Preferential or unsecured creditor
A preferential creditor is a creditor receiving a preferential right to payment before other creditors in the event of a bankruptcy. There are two types of preferential rights: on the one hand, the legal privileges conferred directly by law (employees of a company within the scope of a bankruptcy or even the tax office), and on the other hand, privileges contractually agreed upon by the debtor (pledge, mortgage, security, etc).
An unsecured creditor, also called ‘simple creditor’, is a creditor with no guarantee of recovering their debt within the scope of the bankruptcy of one of their debtors. During the handling the bankruptcy’s assets, the unsecured creditor will be reimbursed after all the preferential creditors have had their rights restored. With no preferential right to payment, the unsecured creditor enters into competition with all the other creditors of their debtor and will be paid using the remaining balance of the bankruptcy according to the amount of their debt.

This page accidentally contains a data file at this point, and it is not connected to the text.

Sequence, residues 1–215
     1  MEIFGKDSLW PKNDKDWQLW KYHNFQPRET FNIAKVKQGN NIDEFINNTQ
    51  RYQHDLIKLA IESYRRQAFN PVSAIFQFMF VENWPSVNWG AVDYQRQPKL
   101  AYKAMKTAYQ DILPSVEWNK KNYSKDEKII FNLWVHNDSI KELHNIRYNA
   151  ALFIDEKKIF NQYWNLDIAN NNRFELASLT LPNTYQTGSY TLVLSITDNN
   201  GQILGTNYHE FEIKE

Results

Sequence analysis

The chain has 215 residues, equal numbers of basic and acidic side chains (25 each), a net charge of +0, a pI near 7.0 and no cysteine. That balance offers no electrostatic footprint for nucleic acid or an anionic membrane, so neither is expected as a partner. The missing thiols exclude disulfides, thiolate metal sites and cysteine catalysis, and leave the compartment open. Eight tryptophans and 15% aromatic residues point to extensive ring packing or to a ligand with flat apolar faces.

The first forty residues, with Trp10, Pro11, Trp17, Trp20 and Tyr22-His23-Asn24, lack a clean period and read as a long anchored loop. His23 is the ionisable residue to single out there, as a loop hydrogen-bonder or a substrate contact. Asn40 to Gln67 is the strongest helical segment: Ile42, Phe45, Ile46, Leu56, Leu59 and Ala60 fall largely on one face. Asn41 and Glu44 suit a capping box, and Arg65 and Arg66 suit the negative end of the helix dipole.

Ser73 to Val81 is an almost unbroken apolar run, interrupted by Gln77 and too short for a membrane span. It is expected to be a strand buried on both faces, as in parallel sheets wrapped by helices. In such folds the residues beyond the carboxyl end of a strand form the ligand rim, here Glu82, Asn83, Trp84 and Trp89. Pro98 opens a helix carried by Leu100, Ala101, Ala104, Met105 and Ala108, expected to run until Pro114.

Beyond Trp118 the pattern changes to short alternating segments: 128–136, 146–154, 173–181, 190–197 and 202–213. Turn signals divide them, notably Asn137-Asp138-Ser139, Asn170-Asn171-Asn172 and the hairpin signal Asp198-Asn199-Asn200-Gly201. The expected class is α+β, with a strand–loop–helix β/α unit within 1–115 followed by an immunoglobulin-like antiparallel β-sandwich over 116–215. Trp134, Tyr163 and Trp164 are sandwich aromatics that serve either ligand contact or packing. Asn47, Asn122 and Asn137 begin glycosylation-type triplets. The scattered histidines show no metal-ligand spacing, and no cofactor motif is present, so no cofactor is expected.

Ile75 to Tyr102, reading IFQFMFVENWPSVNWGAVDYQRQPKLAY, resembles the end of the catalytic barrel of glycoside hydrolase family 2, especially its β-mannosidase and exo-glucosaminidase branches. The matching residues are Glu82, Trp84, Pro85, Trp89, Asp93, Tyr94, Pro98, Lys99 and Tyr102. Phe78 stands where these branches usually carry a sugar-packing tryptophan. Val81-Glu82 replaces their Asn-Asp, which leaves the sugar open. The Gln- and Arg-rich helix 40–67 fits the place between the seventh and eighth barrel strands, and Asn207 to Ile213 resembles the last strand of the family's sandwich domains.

Definitions provided under this section refer to the Belgian situation; unless specified otherwise. The texts are meant to summarize concepts in daily language and should not be considered as comprehensive or definite. We welcome suggestions for modifications or additions at firstname.lastname@example.org.